Despite many COVID-19 restrictions, being a part of the school musical has been worth it (Commentary)

The Mead High School theatre has been creatively assembling The Sound of Music for its annual spring musical all the while navigating the complex challenges imposed by COVID restrictions


Natalie Yoder

Students rehearse for the upcoming musical The Sound of Music.

Commentaries are a type of opinion writing where the writer shares their personal experience with an event or topic while also reporting on the subject. 

When I tell someone I’m going to be playing in the pit orchestra, the first question they ask is how?

Though this is my first time participating in the pit orchestra, it’s very clear that this is not a typical year. 

The most surprising thing to everyone is that we have to play wearing masks. Most wind players have cut small holes in their masks in order to play, while flutes simply place their instrument under the mask. Along with the masks, musicians are required to be socially distanced, place instrument covers at the end of our bells, and (perhaps the most bothersome restriction): we must vacate the auditorium every 30 minutes to let the room air out.

This then begs the question — how effective are these restrictions? Isn’t cutting a hole in our masks going to render them useless? 

Emily Stewart (‘21) said she did not think the restrictions did much, but that they were helpful in some cases. 

“For the band instruments, [the restrictions are not helpful] I mean, I guess for the airing out, it’s effective because we’re not in there for 6 hours straight… It’s better than nothing,” Stewart said.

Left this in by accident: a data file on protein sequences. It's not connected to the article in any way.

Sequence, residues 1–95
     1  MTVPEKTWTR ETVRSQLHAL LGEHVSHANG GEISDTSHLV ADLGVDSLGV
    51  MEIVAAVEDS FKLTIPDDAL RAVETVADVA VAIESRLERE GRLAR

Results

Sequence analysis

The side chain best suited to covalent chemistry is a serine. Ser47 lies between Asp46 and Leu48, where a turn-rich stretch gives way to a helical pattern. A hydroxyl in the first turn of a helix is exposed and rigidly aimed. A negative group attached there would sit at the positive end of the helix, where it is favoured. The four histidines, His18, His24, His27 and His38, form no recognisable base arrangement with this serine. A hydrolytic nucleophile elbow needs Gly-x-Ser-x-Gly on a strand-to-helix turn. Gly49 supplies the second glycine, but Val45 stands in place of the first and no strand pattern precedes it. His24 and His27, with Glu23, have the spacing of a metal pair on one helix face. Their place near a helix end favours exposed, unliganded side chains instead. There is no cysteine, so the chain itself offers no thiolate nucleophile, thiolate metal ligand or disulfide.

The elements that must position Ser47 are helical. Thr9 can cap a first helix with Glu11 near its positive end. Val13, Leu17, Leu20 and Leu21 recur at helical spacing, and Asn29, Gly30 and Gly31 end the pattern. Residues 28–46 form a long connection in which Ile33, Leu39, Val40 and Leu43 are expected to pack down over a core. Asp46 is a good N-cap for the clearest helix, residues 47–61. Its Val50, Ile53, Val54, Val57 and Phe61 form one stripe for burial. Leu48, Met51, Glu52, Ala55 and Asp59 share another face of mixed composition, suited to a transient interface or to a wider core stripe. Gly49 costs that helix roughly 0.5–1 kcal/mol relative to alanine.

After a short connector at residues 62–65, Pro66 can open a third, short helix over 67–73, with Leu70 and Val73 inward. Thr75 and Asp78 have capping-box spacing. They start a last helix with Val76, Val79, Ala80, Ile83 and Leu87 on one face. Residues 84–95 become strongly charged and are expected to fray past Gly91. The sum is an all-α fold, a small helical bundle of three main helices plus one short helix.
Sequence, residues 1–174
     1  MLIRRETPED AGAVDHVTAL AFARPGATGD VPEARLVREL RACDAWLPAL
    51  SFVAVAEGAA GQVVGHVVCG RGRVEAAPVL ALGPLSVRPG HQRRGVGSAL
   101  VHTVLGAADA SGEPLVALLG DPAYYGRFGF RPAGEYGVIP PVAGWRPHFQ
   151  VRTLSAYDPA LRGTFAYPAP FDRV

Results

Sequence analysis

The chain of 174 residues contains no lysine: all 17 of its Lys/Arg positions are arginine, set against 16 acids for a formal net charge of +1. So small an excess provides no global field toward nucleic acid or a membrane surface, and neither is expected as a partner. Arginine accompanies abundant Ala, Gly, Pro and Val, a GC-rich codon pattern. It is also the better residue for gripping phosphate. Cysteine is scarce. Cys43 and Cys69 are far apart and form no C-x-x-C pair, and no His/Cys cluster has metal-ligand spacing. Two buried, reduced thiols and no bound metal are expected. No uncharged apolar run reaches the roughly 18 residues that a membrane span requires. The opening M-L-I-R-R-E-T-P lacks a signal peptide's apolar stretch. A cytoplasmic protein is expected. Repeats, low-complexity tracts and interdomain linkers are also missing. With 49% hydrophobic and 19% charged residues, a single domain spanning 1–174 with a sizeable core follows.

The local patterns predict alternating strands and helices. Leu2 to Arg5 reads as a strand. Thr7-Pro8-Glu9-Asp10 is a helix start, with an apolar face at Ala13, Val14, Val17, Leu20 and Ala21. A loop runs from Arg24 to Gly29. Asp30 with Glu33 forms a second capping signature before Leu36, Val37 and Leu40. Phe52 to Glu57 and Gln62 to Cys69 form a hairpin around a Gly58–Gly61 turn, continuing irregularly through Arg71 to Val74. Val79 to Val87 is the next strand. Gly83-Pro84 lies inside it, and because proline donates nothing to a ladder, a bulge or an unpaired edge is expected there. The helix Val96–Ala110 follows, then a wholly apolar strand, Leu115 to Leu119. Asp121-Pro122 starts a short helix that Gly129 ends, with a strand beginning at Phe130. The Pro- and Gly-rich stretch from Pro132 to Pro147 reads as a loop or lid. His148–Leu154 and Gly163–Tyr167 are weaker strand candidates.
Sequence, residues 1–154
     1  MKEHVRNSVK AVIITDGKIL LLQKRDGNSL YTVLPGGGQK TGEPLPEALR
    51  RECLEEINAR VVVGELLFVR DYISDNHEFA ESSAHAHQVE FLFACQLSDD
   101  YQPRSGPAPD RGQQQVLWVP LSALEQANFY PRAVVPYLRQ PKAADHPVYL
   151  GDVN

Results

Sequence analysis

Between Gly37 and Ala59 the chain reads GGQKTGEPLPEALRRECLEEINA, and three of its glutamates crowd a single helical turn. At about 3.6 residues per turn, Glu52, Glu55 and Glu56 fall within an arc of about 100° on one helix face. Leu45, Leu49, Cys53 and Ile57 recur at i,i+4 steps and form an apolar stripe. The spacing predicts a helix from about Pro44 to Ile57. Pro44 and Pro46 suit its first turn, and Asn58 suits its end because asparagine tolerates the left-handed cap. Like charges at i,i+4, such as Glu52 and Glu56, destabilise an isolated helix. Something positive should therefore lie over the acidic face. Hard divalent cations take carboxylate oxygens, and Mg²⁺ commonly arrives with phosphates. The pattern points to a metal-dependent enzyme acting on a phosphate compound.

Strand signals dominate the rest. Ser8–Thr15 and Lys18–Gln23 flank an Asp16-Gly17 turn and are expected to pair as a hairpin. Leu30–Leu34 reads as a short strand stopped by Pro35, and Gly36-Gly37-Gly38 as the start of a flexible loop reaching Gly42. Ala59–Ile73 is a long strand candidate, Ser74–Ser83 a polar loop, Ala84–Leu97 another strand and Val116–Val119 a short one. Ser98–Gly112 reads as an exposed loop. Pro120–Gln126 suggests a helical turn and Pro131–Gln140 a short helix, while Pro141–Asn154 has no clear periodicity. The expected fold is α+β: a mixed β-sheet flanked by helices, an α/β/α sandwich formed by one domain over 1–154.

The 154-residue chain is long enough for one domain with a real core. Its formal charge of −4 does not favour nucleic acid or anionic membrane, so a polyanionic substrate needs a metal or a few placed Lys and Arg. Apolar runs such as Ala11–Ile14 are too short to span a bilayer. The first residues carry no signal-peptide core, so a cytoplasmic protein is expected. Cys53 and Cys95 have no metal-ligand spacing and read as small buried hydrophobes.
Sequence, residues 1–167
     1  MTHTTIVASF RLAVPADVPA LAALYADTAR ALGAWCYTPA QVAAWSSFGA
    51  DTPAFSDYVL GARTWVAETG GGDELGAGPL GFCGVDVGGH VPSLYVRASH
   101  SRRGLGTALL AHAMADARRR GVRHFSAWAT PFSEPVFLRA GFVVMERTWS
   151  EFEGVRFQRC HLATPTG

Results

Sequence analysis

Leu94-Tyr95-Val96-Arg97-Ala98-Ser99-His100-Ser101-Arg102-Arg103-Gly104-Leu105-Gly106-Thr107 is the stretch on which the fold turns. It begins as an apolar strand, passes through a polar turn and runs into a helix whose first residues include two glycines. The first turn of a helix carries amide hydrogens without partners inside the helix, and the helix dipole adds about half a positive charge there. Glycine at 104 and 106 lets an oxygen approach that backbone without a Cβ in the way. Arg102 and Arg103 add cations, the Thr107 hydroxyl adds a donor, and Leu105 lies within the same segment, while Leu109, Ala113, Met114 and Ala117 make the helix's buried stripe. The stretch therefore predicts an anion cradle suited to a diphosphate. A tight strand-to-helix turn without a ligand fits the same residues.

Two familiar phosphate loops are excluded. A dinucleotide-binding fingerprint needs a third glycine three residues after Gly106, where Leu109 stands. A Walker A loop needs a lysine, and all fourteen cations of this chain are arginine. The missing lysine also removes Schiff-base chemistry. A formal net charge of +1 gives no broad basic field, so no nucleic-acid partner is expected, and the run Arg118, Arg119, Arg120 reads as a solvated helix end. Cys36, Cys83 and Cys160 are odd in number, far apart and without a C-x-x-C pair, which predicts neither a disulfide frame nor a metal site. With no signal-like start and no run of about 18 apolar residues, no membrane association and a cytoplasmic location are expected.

Of course, the pit orchestra is not the main star of the show. It’s the actors that make the musical what it is, and they have their fair share of restrictions as well. 

Actors wear masks and socially distance, but that’s not all. The stage has been taped off, creating boxes that are about 6 feet. When actors sing in one of these boxes, no one else can enter that box until the auditorium has been aired out. Again, this leads to breaks every 30 minutes.

Due to the recurring breaks in our rehearsal, practice time was added. For the two weeks before the rehearsal, all cast, crew, and orchestra members were required to attend practice from 3 p.m. to 8 p.m. every evening. 

Some might question whether this is worth it — between the challenges of COVID restrictions and the all consuming rehearsal schedule, what makes participating in the musical worthwhile? 

Performing Arts teacher Ms. Abigail Kodhler referenced her own time playing in the pit when she was a student and said it is part of what makes conducting the orchestra meaningful.

“I had such a great experience being in the pit. It was arguably probably my favorite musical thing to do when I was in high school.” 

Tyler Porter (‘23), one of the actors in the musical, acknowledges that the play looks different and they have had to minimize what they’d normally do for a similar production.

“Even though it’s the bare minimum of things, it’s still a lot of fun. The scenes are a lot of fun to do, and even though there won’t be a live audience, we’ll still be able to share the show.”

Though 12 hours at school is asking a good deal of students, when I’m sitting in the pit, whether I’m actually playing or simply watching the actors, I remember I’m not the only one who is tired. 

But, thanks to all the work put in by the cast, crew, orchestra, and most importantly people like Ms Berry and Ms Mackey, we still get to put on a musical this year, despite the challenges. 

Virtual performances will be available on Apr. 22, Apr. 23rd, Apr. 29, and Apr. 30.